It is evident (Figure 1D) that there is a constant decline in Y(NO) till the 9th day in VLC cells. Y(NO) is generally considered as a straightforward indicator of the reduction state of plastoquinones present in the membranes (Grieco et al., 2012). Consequently, it is assumed that the HC cells retained the ability to efficiently regulate the photosynthetic electron transport chain. During stress phenomenon, the increase in non-photochemical quenching can often be accompanied by photo-inactivation of PSII reaction centers, which will dissipate excitation energy as heat (Maxwell and Johnson, 2000). Photo-inactivation can lead to oxidative damage and loss of PSII reaction centers (Baker, 2008), both of which are associated with decrease in Fv/Fm ratios. Microalgae tend to dissipate excess energy in the form of heat (Agarwal et al., 2019a). Similar phenomenon in dissipation of the activation energy as Y(NPQ) in VLC cells might be a survival mechanism that result in the reduction of overall cell biomass.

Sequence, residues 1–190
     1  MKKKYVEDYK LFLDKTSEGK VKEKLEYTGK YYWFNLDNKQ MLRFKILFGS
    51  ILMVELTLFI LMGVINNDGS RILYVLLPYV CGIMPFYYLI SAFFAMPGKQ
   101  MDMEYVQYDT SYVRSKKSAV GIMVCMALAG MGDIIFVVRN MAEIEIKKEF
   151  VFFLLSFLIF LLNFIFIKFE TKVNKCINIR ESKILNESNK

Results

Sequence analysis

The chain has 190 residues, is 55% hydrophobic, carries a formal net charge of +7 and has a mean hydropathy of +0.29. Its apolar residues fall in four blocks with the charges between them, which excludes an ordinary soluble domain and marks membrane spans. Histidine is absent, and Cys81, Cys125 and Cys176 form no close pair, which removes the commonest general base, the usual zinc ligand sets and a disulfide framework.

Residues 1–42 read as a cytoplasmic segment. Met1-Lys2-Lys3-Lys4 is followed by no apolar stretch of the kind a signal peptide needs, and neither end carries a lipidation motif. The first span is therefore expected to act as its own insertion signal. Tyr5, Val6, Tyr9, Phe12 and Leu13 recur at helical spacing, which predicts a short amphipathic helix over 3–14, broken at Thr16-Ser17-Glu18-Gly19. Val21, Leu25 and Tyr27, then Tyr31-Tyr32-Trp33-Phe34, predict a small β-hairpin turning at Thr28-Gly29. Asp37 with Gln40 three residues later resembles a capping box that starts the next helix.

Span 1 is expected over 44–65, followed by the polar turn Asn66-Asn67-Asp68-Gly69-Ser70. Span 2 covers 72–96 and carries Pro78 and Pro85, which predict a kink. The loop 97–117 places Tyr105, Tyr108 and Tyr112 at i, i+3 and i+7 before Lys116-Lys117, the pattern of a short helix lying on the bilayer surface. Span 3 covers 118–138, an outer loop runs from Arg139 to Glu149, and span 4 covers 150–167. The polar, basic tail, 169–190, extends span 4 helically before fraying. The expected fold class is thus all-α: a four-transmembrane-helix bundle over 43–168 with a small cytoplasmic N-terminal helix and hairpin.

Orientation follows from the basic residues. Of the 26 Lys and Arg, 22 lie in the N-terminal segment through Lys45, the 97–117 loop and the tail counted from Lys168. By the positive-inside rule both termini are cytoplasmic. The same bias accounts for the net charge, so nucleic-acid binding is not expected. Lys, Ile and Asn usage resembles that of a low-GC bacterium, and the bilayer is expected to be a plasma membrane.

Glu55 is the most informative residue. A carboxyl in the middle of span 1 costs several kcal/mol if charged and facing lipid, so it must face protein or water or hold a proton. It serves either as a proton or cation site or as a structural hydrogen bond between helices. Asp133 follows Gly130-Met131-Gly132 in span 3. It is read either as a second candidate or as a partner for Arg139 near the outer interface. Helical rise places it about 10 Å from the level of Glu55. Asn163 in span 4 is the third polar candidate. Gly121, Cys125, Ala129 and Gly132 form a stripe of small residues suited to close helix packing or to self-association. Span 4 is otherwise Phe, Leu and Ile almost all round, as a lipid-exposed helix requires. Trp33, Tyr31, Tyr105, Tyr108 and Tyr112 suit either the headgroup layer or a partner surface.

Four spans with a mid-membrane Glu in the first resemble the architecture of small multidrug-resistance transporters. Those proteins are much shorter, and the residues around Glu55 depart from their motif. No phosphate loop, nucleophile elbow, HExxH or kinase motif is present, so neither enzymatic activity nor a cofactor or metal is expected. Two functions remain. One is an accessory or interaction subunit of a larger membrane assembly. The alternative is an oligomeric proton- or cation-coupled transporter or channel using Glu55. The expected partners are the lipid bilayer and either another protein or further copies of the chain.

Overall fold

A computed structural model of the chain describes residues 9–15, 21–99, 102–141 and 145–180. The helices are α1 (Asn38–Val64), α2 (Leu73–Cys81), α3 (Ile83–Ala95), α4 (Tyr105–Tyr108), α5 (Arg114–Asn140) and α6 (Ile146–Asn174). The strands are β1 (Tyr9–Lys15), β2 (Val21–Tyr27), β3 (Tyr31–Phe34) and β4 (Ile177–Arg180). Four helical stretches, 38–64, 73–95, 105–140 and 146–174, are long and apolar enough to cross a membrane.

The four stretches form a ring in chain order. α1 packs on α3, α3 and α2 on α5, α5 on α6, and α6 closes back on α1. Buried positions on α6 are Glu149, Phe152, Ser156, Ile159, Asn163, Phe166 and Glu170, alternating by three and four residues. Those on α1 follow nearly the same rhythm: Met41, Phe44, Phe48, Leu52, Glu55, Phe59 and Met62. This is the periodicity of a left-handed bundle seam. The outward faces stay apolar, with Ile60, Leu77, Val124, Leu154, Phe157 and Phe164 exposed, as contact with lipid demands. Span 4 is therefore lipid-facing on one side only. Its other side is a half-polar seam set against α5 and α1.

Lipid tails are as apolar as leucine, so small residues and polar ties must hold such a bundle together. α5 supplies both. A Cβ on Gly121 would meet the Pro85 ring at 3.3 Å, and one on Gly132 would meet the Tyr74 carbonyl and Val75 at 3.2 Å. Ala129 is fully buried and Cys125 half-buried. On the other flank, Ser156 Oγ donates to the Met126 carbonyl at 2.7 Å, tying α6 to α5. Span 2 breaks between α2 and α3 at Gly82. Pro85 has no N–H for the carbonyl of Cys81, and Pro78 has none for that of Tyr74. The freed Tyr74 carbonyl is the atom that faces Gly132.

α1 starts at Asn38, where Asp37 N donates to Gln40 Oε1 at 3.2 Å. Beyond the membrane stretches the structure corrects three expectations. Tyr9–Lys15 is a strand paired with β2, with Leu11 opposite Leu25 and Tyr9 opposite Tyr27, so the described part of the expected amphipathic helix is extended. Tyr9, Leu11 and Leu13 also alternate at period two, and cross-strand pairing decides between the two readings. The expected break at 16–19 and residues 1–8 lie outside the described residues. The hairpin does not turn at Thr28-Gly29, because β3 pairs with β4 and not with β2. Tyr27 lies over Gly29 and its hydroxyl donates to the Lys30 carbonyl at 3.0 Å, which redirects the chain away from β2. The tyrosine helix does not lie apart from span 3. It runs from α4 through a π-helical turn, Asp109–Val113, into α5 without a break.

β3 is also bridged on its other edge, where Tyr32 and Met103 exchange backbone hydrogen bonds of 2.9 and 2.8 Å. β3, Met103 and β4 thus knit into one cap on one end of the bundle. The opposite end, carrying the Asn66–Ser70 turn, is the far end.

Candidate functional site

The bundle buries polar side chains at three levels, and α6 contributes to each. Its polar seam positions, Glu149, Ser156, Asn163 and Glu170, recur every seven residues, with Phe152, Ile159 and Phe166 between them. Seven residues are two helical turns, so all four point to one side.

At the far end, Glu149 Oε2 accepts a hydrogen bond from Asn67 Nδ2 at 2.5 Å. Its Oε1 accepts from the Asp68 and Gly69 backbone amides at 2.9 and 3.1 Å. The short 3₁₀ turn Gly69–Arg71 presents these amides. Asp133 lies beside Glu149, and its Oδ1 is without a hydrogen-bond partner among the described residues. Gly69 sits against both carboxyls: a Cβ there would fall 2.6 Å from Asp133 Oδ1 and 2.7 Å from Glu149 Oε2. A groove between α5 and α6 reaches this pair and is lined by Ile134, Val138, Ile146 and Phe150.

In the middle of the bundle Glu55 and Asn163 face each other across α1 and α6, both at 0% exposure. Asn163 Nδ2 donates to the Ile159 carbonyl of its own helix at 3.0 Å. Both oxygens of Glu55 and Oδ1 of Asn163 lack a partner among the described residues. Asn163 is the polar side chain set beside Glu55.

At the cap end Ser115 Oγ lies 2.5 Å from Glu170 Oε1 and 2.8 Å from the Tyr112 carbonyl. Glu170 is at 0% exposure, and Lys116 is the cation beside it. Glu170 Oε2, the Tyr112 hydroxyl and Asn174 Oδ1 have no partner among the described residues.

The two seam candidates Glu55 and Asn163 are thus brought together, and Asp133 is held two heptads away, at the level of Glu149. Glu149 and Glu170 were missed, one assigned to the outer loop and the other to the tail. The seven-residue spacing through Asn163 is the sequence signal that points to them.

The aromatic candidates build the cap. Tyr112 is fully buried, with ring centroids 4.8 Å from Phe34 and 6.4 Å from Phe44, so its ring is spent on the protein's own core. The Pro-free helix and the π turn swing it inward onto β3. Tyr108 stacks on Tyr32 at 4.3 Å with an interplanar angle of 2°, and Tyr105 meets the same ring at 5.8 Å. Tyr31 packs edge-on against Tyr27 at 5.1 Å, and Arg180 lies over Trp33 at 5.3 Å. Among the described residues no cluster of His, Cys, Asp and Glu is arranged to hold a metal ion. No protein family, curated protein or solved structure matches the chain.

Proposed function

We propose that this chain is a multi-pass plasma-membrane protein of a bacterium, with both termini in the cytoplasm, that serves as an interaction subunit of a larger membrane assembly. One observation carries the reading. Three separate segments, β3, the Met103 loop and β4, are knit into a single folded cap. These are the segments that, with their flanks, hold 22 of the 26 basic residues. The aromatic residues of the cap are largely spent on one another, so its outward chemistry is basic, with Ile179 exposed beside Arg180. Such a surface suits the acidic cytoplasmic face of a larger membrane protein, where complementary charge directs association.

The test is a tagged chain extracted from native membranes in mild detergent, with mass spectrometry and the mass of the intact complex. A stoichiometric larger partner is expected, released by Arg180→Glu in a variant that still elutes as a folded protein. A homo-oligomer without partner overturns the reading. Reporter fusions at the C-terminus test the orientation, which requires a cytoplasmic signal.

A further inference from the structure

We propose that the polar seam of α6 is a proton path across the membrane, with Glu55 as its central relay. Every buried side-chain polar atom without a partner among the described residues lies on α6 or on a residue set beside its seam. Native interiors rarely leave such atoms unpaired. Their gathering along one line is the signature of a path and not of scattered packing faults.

Biochemical changes in response to VLC and HC conditions where the major shift has been observed in production of lipids and total pigments. To utilize the carbon efficiently, algal cells must maintain adequate chlorophyll and carotenoid levels (Figures 2A, B). Increased levels of phytol in VLC indicate breakdown of chlorophyll (Wase et al., 2017), which can be seen in Figure 2A and hence the reduced levels of photosynthetic efficiency (Figure 1B). The main component affected by CO2 supplementation is the photosynthetic machinery and the increase in total chlorophyll and carotenoid content reflects the enhanced photosynthetic efficiency in the presence of HC. The total proteins remain almost constant and no drastic changes were observed in HC of M. gaditana. The supplementation of CO2 has been known to have a profound effect on the two energy rich storage molecules, lipids, and carbohydrates (Wang and Spalding, 2014). The lipid content of the oleaginous microalga M. gaditana increased by 1.3-fold in response to HC. Previous studies have demonstrated that excess of carbon will be directed toward lipid synthesis, suggesting the channelization of carbon toward acetyl-CoA in response to elevated concentration of CO2 (Valenzuela et al., 2012; Sun et al., 2016). The increased amount of the FAMEs in response to carbon supplementation are higher due to conversion of CO2 into acetyl CoA, which provides the precursor molecules for the biosynthesis of lipids. Also, the increased photosynthetic efficiency of M. gaditana under HC implies more assimilation of carbon photosynthetically, that could be redirected into neutral lipid biosynthesis (Renberg et al., 2010; Prathima Devi et al., 2012; Schuhmann et al., 2014). Due to oleaginous nature of the strain most of the carbon flux tends to divert toward lipids rather than carbohydrate production. Whereas in low CO2 the strains prefer to synthesize low energy molecules, i.e., carbohydrates such as laminarin (Vogler et al., 2018).